Place Livia’s reusable electrodes wherever it hurts. Turn it on and electric pulses stimulate the nerves to interrupt the reception of pain passing to the brain. It’s instant pain relief, which is something pills can’t provide.
A TENS machine of Livia’s size and simplicity hasn’t been addressed in the market yet. Most TENS machines are complicated contraptions with busy, unattractive interfaces. They look like medical devices that need extensive instructions. By comparison, Livia fits in the palm of your hand and is simple enough to be used by touch. Stick it on and turn it on. Plus and minus symbols indicate pulse strength. That’s it.
The small LED indicator above the Livia’s power button is supposed to indicate what level it’s set to, but the yellow casing on my model made this hard to see. With the skin removed, four slots are clearly visible, and it takes four taps to move the indicator, so it has 16 intensity settings. I couldn’t tolerate full strength anywhere but on my lower back, so don’t mistake Livia’s small size for lack of power.
Of course, the version Digital Trends tested is a prototype, but we can reasonably hope the final product is just as strong. As a prototype, it has some flaws, like the clarity of the level indicator, the smooth buttons — which makes it harder to use by touch — and the clip. If the device gets jostled or snagged on a piece of clothing, it will likely be yanked off because the clip is not very secure. It’s a good thing the attachment to the electrodes is firm, since the device is light enough to dangle by the cords instead of clattering to the ground. The reusable hydrogel electrode pad adhesive also worked well, meaning it left no icky residue on my skin.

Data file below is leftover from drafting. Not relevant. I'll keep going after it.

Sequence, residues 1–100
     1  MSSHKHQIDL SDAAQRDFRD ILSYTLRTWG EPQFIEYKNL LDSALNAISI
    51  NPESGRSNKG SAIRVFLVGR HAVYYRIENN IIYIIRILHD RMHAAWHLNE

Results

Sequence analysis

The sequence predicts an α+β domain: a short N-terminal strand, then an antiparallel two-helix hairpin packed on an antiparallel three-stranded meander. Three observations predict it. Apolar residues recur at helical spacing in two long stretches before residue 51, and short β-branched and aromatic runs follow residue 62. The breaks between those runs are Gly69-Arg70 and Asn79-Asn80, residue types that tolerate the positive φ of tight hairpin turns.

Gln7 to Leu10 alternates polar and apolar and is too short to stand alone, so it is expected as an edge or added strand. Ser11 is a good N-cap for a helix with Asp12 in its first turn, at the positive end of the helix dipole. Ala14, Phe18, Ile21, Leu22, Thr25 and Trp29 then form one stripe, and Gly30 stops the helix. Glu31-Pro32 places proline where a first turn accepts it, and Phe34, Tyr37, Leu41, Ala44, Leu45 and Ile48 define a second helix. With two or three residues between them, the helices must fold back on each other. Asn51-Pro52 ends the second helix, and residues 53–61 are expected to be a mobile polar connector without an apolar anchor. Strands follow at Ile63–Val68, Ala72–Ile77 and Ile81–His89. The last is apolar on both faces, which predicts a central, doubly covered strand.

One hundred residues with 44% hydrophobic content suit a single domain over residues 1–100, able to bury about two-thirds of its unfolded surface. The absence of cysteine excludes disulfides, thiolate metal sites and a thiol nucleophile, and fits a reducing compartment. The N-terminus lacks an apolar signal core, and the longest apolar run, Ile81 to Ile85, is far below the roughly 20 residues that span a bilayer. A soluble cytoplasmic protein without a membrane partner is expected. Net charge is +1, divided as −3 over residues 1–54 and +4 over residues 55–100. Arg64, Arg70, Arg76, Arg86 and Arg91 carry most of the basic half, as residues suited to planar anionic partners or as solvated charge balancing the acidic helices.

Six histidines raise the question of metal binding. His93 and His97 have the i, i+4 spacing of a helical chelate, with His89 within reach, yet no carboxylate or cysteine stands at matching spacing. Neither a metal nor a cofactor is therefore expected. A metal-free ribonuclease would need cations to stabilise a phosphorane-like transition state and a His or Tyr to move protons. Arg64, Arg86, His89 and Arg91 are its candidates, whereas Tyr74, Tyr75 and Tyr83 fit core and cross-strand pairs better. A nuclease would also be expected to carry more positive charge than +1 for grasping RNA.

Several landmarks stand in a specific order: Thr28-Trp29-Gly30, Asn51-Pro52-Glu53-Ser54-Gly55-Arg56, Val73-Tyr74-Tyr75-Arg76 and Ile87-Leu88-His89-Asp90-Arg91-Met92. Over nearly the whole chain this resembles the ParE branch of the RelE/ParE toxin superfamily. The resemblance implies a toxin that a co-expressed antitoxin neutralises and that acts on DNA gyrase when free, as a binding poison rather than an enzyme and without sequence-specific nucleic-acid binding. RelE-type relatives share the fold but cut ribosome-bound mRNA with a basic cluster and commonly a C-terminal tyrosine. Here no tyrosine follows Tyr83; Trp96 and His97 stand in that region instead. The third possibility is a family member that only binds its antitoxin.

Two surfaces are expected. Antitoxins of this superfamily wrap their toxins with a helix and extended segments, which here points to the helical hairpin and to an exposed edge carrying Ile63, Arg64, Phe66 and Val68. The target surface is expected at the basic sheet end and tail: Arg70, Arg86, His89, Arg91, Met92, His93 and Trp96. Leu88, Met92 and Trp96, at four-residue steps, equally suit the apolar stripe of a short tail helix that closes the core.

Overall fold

Otherwise, Livia is incredibly cute and works like a charm, giving instant relief a pill just can’t match. The website title mylivia.com is in sync with the customizable nature of the device. Though part of its appeal is that it can easily work under clothes, Livia skins comes in a bunch of bright colors. My Livia has a sticker on it — there’s something about the simplistic design that screams “personalize me!”
That said, now that I push away from the desk or the couch on a regular basis, I don’t have horrible menstrual pains. Instead the pains have migrated to my knee, where I sprained three ligaments a few years ago. So I slapped it on my leg after 30 miles on my road bike. This goes beyond Livia’s intended use, yet it worked as well on my leg as it did on my lower back. My own experience speaks well for the device’s versatility. Charge it up through a ubiquitous Micro USB — another plus — and it’ll run for 15 hours, long enough to for a night’s sleep.
A portable TENS aimed at the everyday woman is a long overdue idea. It is definitely a viable replacement for pills, which in my experience don’t work anyway. It may seem expensive, but it’s a one-time purchase compared to bottles of pain meds and the possible tolerance that comes with treating pain with pills. Not to mention it’s safer all around, since you’re not devouring chemicals.
After a successful Indiegogo campaign that ultimately raised more than $1.7 million from over 18,000 backers, Livia has received Federal Drug Administration (FDA) approval for pain management, and will begin shipping to its U.S.-based backers immediately. You can buy one yourself for $127 directly from the Livia website.
Update: Livia is now shipping throughout the United States.
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